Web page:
Biggin Hill Airport appears set to challenge a decision to block it from operating fare-paying passenger flights.
The application for a change of permitted use was rejected by Bromley Council last week over concerns that an increase in flights and use of larger aircraft would affect noise levels and pollution.
Possibly the most famous of south-east England’s Battle of Britain RAF bases, today Biggin Hill is licensed to handle only business charter flights and private aircraft.
Bromley Council is the airport company’s landlord. In 2001, council won an action in the Court of Appeal which ruled that the airport operators should be prohibited from allowing tickets to be sold for flights into and out of the airport, thus preventing its use for scheduled or holiday charter flights, but allowing business aviation and corporate shuttles.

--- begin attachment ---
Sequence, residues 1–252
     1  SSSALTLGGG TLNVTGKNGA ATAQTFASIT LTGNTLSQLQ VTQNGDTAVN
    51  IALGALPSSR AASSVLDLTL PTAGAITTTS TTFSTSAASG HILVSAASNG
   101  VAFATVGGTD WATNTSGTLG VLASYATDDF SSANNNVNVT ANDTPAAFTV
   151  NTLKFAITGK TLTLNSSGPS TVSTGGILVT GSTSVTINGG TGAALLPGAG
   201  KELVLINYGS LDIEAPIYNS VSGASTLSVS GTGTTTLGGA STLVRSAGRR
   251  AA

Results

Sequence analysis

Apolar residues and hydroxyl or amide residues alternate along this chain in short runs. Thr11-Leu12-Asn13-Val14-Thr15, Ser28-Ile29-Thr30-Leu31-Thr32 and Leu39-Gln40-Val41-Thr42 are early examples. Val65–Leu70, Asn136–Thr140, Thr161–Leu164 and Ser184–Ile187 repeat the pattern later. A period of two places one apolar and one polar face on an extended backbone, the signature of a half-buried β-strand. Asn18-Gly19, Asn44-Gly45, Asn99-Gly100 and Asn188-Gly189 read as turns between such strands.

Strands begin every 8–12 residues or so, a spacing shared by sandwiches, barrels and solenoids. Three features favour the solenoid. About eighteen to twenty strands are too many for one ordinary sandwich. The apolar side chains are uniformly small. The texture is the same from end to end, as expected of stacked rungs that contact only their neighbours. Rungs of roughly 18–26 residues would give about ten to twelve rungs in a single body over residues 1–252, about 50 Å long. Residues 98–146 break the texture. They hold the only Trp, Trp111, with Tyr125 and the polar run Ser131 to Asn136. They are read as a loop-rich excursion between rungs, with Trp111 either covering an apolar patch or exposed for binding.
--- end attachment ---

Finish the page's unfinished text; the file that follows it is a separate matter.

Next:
The council executive rejected the application because, according to Graham Arthur, the Tory councillor in charge of resources and contract management, “The council will continue to balance the twin aims of encouraging our business community to flourish, whilst safeguarding our environment and protecting our residents’ best interests.”
A spokesperson for the airport said: “Our proposal was clear that any shared flights would have been within all existing noise, flight and aircraft limits as already agreed with the local community.
“It was simply a change in how certain flights would be paid for.”
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